Church leaders have a sacred responsibility to care for every member of their flock and to reach out to “the one.” This includes reaching out to members with disabilities and their caregivers. When the motivation behind learning about others comes from a place of love and compassion, wonderful things can occur. Church leaders and teachers should keep the following in mind as they work with those who have disabilities and strive to increase awareness and understanding of disabilities:
- Welcome. Seek ways to help individuals with disabilities feel loved, accepted, and included.
- Provide opportunities. Prayerfully identify meaningful opportunities for members with disabilities to serve. Meet with the individuals and their caregivers to help identify skills and talents. Discuss with them ways those skills and talents can be best utilized. Everyone has something they can contribute.
- Identify specific needs. Speak with individuals and families about their needs. They may need physical, spiritual, and emotional support as well as rest from their daily routine. Remember that members with a disability and their families are generally the best resource on their disability. They know about the strengths and challenges that come with a specific disability and can help you identify where help is needed. You can gain much insight by asking individuals, their family members, and other caregivers respectful questions such as the following:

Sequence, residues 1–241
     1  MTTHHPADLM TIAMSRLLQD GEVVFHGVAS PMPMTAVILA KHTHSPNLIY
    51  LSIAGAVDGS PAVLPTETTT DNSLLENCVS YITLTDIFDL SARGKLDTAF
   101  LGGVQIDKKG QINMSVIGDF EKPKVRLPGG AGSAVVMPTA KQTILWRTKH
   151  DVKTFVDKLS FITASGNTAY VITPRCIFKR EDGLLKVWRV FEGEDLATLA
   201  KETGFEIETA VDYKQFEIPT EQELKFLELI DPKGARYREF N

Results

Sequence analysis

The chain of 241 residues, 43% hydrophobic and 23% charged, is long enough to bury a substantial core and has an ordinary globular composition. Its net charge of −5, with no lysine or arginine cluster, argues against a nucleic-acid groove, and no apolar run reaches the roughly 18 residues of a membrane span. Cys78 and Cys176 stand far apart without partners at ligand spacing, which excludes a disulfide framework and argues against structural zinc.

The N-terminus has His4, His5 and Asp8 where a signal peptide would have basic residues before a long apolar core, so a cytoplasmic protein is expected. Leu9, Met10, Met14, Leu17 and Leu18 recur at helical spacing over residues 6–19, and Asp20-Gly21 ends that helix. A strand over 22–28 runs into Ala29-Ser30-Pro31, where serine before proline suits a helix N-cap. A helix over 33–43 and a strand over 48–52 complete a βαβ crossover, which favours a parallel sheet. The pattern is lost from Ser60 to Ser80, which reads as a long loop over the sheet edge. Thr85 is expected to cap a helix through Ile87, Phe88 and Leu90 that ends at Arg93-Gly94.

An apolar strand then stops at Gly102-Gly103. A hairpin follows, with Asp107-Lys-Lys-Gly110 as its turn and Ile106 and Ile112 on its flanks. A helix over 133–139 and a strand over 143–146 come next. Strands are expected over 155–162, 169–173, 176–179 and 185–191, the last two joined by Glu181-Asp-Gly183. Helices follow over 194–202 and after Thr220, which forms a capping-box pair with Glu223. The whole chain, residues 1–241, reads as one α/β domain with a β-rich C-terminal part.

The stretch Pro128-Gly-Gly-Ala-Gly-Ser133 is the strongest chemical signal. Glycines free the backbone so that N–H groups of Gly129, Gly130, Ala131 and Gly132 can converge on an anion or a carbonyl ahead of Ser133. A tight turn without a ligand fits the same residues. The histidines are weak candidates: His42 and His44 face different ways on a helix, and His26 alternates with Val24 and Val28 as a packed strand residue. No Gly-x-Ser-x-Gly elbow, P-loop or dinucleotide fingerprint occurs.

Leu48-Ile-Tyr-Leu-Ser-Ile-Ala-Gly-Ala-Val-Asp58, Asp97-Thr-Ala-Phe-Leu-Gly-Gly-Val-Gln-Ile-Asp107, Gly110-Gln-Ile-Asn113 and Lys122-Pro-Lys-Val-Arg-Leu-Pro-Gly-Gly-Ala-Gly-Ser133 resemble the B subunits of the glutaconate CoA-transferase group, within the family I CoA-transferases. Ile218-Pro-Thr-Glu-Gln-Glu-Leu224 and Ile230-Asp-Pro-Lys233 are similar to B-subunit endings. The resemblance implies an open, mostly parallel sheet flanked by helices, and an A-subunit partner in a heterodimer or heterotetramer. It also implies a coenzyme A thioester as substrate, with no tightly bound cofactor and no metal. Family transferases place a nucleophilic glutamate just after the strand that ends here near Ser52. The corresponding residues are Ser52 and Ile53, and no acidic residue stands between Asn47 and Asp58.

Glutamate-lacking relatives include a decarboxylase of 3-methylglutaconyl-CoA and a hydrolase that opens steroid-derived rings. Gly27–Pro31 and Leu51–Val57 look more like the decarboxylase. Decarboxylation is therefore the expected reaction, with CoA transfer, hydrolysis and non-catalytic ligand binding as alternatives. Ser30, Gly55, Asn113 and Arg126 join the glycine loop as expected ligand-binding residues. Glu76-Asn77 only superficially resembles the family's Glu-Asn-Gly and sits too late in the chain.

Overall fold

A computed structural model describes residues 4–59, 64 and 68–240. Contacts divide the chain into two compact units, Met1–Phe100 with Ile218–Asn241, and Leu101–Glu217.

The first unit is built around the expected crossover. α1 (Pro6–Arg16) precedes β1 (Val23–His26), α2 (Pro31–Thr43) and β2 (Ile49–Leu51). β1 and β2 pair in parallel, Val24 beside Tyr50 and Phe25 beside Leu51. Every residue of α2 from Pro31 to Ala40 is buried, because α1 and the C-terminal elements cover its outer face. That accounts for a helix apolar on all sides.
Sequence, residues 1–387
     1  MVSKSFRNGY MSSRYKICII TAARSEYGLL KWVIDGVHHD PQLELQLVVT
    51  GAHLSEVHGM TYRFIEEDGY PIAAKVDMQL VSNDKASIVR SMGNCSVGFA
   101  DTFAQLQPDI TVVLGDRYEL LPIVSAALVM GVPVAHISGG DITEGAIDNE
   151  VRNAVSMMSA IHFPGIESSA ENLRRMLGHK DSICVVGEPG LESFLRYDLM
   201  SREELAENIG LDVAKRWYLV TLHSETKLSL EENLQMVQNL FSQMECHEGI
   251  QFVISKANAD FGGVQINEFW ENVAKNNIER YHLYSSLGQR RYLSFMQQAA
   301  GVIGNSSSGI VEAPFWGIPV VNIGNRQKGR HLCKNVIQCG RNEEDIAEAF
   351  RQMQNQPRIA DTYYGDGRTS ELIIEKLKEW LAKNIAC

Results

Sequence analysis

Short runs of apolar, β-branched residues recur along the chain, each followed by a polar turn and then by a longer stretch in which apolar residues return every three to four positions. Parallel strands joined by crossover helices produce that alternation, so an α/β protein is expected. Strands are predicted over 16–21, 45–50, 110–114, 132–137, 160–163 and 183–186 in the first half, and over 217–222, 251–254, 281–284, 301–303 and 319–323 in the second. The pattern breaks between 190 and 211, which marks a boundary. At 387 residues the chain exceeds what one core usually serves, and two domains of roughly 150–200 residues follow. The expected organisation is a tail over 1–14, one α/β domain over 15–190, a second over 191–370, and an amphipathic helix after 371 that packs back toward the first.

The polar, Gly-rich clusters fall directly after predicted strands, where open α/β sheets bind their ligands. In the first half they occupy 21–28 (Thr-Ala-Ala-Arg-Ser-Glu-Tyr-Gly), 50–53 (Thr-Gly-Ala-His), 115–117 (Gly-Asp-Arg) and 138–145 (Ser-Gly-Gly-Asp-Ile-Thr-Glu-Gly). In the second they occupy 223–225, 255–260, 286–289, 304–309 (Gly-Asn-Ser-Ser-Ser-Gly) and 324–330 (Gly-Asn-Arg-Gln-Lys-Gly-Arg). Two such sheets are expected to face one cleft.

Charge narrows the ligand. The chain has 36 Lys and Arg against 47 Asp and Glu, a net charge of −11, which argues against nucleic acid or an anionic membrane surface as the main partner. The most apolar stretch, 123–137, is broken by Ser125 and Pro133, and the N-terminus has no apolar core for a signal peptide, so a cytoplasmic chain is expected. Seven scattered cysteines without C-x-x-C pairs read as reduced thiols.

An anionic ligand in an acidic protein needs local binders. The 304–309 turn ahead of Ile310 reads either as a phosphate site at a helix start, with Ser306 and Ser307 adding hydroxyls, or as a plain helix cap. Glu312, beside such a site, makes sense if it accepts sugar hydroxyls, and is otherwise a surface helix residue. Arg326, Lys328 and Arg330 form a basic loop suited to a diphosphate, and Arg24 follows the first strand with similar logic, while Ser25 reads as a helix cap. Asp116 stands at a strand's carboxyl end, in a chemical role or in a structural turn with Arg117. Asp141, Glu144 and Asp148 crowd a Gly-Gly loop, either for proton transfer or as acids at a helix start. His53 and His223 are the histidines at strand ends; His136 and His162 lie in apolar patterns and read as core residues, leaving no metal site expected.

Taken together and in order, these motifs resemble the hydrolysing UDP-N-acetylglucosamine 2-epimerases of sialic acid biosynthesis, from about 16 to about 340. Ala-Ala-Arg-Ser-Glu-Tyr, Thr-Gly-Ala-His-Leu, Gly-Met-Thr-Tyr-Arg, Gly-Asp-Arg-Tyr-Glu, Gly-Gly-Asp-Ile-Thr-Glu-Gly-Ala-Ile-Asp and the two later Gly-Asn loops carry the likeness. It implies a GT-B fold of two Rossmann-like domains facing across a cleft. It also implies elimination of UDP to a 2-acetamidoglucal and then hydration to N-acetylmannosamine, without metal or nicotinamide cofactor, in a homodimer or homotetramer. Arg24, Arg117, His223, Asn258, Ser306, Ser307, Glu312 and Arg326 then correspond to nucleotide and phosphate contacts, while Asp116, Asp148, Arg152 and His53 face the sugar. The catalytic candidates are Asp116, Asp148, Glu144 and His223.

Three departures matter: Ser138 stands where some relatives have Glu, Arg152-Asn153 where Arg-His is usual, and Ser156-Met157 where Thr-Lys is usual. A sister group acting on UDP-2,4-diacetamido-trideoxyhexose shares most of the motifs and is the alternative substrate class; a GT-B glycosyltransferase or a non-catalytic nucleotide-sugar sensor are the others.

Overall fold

- “What would be helpful for me to know about you so that I can do my best to help make your experience at church more meaningful?”
- “What would you like me to know about your child?”
- “What are things that you have found to be helpful in the past that I could try to implement at church?”
- Foster understanding. After consulting with members with disabilities about what they feel comfortable having you share with others, help ward members understand the individuals’ disabilities and needs. This can help ward members gain greater compassion, understanding, and inspiration about how to provide support.
- Identify resources. As you meet with individuals, families, and leaders, you will come to understand where the greatest needs are, as well as the strengths and gifts members are willing to share. Where appropriate, identify community, ward, and stake resources available to assist with those needs.
- Counsel together. As appropriate, invite individuals, their parents, or other caregivers to discuss with ward leaders their strengths as well as challenges and obstacles that may keep them from fully participating in the ward. Help parents connect with other parents who have children with similar disabilities.
- Handbook 2: Administering the Church, 21.1.26, “Members with Disabilities”
- Jeffrey R. Holland, “Bearing One Another’s Burdens,” Ensign or Liahona, June 2018, 24–29
- Lynn Parsons, “Reaching Out to Those with Disabilities—and Their Families,” Ensign or Liahona, Feb. 2015, 48–51
- Camille West, “Straining to Hear Each Sunday? Meetinghouse Listening Devices Dramatically Improve Participation,” Church News, Sept. 15, 2017